2004 and had a couple of follow-up
sessions a couple of months later. I was
convinced it would be the answer to
my prayers.

I was euphoric after the process. I
managed a couple of weeks, during
which I practised the positive process
all the time and tried out walking a lot
more than usual. At the end of that
time, I hit a wall and felt totally

After a couple of months she went
back. Her coach said she wasnt
practising the process rigidly enough,
and that it would not work if she
doubted it. She felt euphoria again
after the sessions.

On the positive side, I believe it
helped me to feel more optimistic and
to focus on the positive. Conversely,
there was a period of disappointment
when it didnt turn out as promised and
I was, in the nicest possible way, led to
believe that my dedication was the
problem, she explained.

Belle* suffered a relapse after
participating in the program. First I
was on a real high, but over the weeks I
increasingly struggled to achieve
consistent results with the technique I
was saying stop to the signals of my
intuition and getting sicker and sicker.
Realising this, I then had to start a long
and painful process of forgiving myself
for failing.

Judith*, who has benefited from LP,
says: The few people for whom it
hasnt made such a notable difference
need to persevere and get people to
help them pinpoint the barrier that is
preventing it from working. From
experience of helping a friend, once the
preventing factor is recognised the
Lightning Process has dramatic results.
Unfortunately, neither Rachel nor her
fellow classmate Stella* were able to
overcome their relapse, despite the best
attempts of their trained LP practitioner.

Doing M.E.

Stan* found LP helpful in terms of
learning not to dwell on negative
thoughts, but (it) hasnt alleviated the
main symptoms of my M.E. He says
that, Essentially LP assumes that
people with the condition are doing

Phil Parker, the founder of LP, has said
that he sees M.E. as a physical illness,
regarding M.E, CFS, PVS and
fibromyalgia as the same type of
condition. Jillian* saw a different LP
coach. She has chemical sensitivity and
had been confined to her house for
most of the last two years prior to
undertaking LP, as her room is up two
flights of stairs and she could only
manage to go down one flight.

I arranged with (the coach) an
environment in which I believed I would
be able to cope with the course, she
told InterAction. When we arrived I
found four steps to the front door plus
a large flight of stairs and the ground
floor had just been sprayed with air

Jillian was tired with a headache,
severe muscle pain and brain fog after
the session and lay awake most of the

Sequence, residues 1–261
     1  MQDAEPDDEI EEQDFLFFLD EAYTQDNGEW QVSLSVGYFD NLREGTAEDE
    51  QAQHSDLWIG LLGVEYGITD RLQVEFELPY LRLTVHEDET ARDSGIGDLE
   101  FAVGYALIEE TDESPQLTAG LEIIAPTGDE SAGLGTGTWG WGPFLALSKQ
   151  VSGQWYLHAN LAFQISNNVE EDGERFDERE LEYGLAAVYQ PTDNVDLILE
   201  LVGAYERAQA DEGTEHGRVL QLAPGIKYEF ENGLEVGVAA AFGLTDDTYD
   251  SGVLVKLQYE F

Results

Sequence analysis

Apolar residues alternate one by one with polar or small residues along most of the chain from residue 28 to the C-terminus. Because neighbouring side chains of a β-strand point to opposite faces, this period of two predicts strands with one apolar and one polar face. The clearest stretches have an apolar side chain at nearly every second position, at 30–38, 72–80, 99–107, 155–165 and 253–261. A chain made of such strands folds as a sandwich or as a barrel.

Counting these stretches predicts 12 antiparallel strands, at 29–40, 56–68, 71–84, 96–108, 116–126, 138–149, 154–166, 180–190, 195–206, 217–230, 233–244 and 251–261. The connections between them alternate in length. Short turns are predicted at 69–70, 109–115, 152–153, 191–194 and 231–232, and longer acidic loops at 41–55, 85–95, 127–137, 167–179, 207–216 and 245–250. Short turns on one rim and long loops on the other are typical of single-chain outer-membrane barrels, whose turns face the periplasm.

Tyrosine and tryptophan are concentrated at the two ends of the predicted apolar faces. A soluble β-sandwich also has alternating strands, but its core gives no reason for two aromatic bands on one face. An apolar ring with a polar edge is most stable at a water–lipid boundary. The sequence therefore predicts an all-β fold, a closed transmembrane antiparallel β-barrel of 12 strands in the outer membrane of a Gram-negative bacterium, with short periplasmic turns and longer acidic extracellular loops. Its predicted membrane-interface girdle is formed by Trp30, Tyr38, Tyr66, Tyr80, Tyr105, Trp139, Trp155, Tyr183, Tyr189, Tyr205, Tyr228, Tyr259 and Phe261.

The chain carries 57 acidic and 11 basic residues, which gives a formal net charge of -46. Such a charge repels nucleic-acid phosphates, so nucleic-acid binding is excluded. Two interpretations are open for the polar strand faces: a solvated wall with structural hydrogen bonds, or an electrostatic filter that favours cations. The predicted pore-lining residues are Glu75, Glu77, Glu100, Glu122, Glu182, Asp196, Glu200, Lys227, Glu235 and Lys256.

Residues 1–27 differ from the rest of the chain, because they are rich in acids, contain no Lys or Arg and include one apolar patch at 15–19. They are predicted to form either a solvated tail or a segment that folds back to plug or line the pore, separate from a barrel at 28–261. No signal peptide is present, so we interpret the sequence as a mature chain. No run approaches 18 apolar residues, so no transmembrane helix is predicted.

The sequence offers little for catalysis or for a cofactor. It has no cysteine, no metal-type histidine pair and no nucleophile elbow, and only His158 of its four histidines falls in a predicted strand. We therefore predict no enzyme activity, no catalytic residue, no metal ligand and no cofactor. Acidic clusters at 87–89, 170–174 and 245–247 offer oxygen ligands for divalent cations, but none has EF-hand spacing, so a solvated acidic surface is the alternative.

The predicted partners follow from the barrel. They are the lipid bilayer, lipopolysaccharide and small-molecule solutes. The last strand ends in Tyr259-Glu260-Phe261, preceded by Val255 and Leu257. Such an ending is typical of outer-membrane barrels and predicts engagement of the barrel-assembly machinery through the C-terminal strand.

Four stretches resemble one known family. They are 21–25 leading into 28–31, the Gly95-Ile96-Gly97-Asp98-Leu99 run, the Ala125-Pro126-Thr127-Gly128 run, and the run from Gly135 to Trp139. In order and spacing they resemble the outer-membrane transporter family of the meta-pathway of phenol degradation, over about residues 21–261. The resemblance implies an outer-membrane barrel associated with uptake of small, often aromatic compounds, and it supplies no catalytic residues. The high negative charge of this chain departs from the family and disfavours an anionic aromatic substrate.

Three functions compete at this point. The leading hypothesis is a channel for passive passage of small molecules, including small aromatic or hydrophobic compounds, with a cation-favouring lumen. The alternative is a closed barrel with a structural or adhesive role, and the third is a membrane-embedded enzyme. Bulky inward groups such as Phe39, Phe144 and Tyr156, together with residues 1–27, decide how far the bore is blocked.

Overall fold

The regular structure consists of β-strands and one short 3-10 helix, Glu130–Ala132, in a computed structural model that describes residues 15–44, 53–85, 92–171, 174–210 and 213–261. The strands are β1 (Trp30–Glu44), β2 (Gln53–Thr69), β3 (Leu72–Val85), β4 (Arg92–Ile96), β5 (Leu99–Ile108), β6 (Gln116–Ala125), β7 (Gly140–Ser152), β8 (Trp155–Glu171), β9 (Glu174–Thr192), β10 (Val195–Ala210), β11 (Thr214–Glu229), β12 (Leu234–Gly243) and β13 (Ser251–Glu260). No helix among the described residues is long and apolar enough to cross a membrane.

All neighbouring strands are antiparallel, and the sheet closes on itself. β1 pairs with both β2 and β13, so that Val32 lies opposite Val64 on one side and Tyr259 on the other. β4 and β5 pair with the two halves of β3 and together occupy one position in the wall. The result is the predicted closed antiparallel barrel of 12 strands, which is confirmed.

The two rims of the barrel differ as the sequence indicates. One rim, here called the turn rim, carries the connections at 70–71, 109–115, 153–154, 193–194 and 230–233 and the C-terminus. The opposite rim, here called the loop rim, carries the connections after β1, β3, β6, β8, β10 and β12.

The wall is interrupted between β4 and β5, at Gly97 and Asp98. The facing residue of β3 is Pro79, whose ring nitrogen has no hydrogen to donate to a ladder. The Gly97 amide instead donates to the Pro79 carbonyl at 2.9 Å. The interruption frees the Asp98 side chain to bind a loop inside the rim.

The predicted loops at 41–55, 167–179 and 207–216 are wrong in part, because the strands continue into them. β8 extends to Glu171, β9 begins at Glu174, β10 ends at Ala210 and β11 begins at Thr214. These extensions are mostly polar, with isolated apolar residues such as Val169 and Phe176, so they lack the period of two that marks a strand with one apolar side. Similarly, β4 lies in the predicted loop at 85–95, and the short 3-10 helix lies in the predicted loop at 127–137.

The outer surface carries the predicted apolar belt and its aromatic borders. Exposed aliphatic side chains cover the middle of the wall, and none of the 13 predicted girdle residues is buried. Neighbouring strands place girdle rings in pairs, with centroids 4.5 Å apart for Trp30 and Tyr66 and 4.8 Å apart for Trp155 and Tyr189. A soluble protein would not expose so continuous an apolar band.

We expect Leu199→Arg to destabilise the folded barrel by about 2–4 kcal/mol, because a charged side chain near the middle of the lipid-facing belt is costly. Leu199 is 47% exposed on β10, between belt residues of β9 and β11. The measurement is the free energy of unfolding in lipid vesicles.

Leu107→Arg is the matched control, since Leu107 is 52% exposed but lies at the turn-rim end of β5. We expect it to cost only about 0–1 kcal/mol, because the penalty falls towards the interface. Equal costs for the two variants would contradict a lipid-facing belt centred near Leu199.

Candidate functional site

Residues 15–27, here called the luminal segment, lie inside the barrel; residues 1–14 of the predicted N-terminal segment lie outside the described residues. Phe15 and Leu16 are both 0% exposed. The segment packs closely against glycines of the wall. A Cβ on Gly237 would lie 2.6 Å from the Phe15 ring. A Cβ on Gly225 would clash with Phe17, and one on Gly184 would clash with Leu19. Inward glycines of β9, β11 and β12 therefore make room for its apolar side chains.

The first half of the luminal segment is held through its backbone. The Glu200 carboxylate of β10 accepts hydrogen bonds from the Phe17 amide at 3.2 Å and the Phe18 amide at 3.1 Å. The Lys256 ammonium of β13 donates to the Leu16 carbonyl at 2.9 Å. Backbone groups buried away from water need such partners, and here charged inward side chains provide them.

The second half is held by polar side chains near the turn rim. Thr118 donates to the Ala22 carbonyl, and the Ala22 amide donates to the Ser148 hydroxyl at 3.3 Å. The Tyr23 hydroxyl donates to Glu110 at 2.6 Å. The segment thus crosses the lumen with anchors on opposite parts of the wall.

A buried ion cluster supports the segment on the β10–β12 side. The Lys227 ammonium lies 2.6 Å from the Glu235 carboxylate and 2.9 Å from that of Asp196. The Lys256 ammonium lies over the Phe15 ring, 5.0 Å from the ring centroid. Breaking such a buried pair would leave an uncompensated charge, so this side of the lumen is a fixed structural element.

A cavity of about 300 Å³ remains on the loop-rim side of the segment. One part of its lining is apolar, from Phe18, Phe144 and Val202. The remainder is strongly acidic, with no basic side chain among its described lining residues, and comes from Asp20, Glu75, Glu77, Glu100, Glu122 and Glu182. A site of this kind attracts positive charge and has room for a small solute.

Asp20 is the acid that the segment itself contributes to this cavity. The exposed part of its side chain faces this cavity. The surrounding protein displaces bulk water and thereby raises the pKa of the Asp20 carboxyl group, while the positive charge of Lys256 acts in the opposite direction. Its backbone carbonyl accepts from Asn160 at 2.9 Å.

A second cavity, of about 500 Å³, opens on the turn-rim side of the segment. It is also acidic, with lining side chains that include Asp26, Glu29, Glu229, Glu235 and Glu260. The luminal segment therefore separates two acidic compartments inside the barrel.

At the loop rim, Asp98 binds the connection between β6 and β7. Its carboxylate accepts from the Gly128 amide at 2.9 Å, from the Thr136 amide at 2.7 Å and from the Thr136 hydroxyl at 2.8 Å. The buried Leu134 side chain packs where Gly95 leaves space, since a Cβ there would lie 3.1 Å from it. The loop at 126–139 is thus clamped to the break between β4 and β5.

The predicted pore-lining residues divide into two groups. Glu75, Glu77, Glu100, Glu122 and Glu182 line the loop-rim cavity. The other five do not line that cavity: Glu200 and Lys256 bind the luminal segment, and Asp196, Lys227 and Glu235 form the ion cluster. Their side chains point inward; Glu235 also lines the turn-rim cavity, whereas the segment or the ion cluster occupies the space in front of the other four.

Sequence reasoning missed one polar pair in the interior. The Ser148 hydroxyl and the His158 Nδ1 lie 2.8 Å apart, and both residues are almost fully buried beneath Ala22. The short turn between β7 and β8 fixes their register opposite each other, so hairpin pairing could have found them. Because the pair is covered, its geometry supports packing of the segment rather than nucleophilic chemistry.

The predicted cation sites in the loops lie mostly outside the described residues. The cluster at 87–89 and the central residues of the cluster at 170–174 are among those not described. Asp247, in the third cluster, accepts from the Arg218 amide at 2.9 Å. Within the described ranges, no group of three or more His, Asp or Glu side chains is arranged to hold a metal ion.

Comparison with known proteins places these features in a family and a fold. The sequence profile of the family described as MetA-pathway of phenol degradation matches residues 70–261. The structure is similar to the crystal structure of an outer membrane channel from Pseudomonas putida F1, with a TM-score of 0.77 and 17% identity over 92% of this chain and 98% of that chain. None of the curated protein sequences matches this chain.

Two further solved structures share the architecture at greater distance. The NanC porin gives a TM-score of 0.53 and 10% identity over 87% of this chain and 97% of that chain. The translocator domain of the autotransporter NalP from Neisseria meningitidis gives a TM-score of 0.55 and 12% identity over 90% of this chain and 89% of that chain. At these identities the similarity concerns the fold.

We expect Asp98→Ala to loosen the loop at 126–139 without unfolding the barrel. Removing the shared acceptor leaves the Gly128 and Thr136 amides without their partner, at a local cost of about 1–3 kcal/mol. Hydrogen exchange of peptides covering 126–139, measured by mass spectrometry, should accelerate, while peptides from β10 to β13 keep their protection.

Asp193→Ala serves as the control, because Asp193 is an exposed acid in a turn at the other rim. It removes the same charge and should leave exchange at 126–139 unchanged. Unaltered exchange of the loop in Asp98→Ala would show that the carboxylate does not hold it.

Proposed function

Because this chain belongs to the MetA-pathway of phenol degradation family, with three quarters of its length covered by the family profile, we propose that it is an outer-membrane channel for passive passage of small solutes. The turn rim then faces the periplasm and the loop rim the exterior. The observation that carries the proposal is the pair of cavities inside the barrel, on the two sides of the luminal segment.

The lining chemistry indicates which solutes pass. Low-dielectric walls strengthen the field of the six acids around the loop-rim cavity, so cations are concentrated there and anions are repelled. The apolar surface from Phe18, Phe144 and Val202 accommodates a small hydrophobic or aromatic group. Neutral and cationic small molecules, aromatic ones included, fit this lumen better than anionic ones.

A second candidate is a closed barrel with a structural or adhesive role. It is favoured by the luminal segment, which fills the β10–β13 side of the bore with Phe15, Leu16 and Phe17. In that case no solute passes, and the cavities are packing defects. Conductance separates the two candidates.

night trying to use the process to not
notice the pain. Next day, in less pain
but still unable to focus, she set off for
the second session. I told Mum I felt I
couldnt have grasped what I was
meant to do properly, that I had either
misunderstood what I had to do or
failed to pick something up. I couldnt
understand quite why I was so much
worse as well when I should have been
feeling much better if other people who
had done it were anything to go by.
Her mum was not allowed into the
session with her. This surprised Jillian as
shed made it clear on the phone that
this was what she needed and wanted.
The coach wanted to go over the

I hadnt written it down because by
the time Id got home Id been too ill,
explained Jillian. I tried to explain but
she didnt want me to be negative so
wouldnt let me. I had to say how it
had had a positive effect. I had used it
all the way home the previous day and
that evening and through the night and
that morning.

She said pain is a good thing she
enjoyed going to the gym and needed
to hurt afterwards. I felt this was all
valid but irrelevant. I tried to explain it
was completely different and explain
the previous evening. I tried to describe
it and didnt get very far. I burst into
tears because she wasnt paying any
attention. Jillian said she was very
distressed by the coachs approach
throughout the session.

Every time I started to cry I had to
do the mat thing over again. She told
me it wasnt any good her being
sympathetic. It wasnt going to help
me. She said it was good that it was
happening and would reinforce
something good pathways and stop
negative thoughts. By that point I
considered walking out but decided to
stick it out to the end and not later
blame myself for having given up on

Leap of faith

Ann* was put off LP by the attitude of
a practitioner: I spoke to a local
woman who teaches it in order to find
out more. She was rather cagey when I
started asking her questions, and said,
It isnt for me to justify the Lightning